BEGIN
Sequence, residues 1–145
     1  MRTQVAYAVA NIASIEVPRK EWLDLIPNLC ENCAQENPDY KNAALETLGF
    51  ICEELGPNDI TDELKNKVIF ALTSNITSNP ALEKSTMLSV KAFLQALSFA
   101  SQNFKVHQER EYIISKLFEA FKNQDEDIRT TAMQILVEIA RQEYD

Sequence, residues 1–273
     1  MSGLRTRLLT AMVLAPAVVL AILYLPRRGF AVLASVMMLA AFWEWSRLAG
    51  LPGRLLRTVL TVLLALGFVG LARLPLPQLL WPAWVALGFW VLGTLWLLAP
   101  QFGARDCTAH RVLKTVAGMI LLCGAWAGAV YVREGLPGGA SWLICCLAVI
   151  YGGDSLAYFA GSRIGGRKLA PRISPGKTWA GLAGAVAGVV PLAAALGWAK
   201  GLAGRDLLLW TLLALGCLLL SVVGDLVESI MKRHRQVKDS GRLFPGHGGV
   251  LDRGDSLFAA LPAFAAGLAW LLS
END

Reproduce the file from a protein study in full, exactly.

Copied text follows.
Sequence, residues 1–145
     1  MRTQVAYAVA NIASIEVPRK EWLDLIPNLC ENCAQENPDY KNAALETLGF
    51  ICEELGPNDI TDELKNKVIF ALTSNITSNP ALEKSTMLSV KAFLQALSFA
   101  SQNFKVHQER EYIISKLFEA FKNQDEDIRT TAMQILVEIA RQEYD

Sequence, residues 1–273
     1  MSGLRTRLLT AMVLAPAVVL AILYLPRRGF AVLASVMMLA AFWEWSRLAG
    51  LPGRLLRTVL TVLLALGFVG LARLPLPQLL WPAWVALGFW VLGTLWLLAP
   101  QFGARDCTAH RVLKTVAGMI LLCGAWAGAV YVREGLPGGA SWLICCLAVI
   151  YGGDSLAYFA GSRIGGRKLA PRISPGKTWA GLAGAVAGVV PLAAALGWAK
   201  GLAGRDLLLW TLLALGCLLL SVVGDLVESI MKRHRQVKDS GRLFPGHGGV
   251  LDRGDSLFAA LPAFAAGLAW LLS